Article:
CARLISLE council’s blueprint for the district’s future growth is taking shape in a “period of great optimism and positivity” for the city.

The economy-boosting action plan, expected to be finished in January, is now being drawn up by finance chiefs in consultation with businesses, education-providers and the district’s workforce

The emerging strategy aims to put Carlisle on the map as a major regional centre and comes against a background of several major developments for the Border City.

Among them is the opening of Carlisle Airport, the multi-million pound Borderlands Growth Deal, and the cash awarded to the city via the £1 billion High Street regeneration fund.

The masterplan got St Cuthbert’s Garden Village, an ambitious proposal that could see the development of up to 10,000 new homes in the south of the city, is also on track.

And it was announced in February that the planned Southern Link Road (CSLR) for Carlisle will receive £102m from the Government’s Housing Infrastructure Fund.

Leading councillors also cited the growth of Kingmoor Park, the city’s largest industrial estates, as a “great success story” for the city.

Coun Paul Nedved, who holds the portfolio for Economy, Enterprise and Housing Portfolio Holder, said: “It’s a period of great optimism and positivity in the city.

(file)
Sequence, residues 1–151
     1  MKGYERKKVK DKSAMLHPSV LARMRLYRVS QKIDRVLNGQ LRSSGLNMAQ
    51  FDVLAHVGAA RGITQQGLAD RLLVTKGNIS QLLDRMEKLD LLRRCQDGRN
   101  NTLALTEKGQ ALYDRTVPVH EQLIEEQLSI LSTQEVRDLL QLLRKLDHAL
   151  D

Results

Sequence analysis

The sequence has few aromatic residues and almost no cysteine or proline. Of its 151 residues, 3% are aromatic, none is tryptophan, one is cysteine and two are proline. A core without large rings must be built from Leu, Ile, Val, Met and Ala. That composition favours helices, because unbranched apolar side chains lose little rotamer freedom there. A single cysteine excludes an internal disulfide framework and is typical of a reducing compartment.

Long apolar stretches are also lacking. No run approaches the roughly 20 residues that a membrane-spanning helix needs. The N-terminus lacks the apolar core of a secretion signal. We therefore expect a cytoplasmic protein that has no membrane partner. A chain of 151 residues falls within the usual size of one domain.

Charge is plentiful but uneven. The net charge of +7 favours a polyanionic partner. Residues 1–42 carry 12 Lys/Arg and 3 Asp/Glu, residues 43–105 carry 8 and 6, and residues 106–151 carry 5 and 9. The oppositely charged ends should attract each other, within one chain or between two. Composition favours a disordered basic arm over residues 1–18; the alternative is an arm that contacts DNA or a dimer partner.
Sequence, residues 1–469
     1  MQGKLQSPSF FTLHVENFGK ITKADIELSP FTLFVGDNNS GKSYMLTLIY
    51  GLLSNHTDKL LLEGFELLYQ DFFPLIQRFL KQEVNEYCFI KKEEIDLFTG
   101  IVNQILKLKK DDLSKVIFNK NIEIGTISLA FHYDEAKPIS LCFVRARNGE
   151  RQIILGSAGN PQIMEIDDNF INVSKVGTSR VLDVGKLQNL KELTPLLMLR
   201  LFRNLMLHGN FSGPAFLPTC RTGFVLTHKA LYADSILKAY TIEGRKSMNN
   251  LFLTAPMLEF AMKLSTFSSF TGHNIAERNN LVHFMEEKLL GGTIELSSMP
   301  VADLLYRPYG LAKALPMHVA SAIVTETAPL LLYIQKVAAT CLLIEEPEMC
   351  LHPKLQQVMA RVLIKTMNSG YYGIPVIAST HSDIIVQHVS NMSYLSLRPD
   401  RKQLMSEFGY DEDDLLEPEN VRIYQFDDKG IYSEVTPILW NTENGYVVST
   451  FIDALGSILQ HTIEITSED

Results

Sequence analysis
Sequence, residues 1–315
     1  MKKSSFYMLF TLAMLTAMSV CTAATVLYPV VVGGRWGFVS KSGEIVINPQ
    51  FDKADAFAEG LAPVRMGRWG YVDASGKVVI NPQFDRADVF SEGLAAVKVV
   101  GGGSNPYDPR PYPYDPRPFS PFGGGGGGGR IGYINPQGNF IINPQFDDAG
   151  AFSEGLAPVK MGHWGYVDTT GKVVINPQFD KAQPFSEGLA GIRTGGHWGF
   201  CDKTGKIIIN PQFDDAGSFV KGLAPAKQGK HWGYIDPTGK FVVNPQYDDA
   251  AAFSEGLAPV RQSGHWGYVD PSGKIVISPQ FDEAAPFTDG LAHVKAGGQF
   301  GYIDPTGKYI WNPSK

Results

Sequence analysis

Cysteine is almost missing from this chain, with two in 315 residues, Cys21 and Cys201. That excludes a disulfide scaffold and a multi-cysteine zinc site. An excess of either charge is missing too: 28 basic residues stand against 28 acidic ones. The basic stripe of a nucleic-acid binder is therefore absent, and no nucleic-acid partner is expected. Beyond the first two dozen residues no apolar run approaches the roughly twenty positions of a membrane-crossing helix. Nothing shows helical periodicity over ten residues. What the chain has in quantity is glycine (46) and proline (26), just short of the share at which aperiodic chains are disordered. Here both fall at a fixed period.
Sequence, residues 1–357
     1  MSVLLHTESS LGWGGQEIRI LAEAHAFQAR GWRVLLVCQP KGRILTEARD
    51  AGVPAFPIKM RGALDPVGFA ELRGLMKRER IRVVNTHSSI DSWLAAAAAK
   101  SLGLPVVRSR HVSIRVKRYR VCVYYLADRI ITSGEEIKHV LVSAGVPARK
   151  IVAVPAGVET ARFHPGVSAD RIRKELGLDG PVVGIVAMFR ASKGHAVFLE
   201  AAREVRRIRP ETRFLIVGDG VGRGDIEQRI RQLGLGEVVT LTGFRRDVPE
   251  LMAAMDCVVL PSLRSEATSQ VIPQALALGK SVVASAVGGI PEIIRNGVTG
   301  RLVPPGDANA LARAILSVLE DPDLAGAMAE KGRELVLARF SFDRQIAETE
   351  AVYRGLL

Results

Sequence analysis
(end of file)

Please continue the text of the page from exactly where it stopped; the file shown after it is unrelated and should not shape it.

“I think it’s critically important too that we are not just a district but a regional centre.”

The same meeting of the Economic Growth Scrutiny Panel heard that the city also faces some “significant economic challenges” including skill shortages and an ageing population.

Jane Meek, the authority’s Corporate Director of Economic Development, admitted that the need to attract more people to live and work in the Carlisle area was “quite stark”.

“If we don’t, we won’t have enough people of working age to support the businesses we have got,” she said.

Council chiefs also issued assurances that more rural areas such as Bewcastle and Longtown should not be left out of the strategy.

Coun Marilyn Bowman was particularly vocal in her criticism of how long the economic plans were taking to develop.

She said: “I’m pleased to hear that the strategy is emerging because it seems to have been emerging for ever and a day – and detail in this report has failed to satisfy my natural curiosity.”

But coun Nedved said that the council had been waiting for several important announcements including those surrounding Borderlands Growth Deal, the outcome of bids for the Future High Street Fund, and the funding announcement for the Southern Link Road.

“We can now see clearly and form a strategy that we might not have been able to do before,” he said.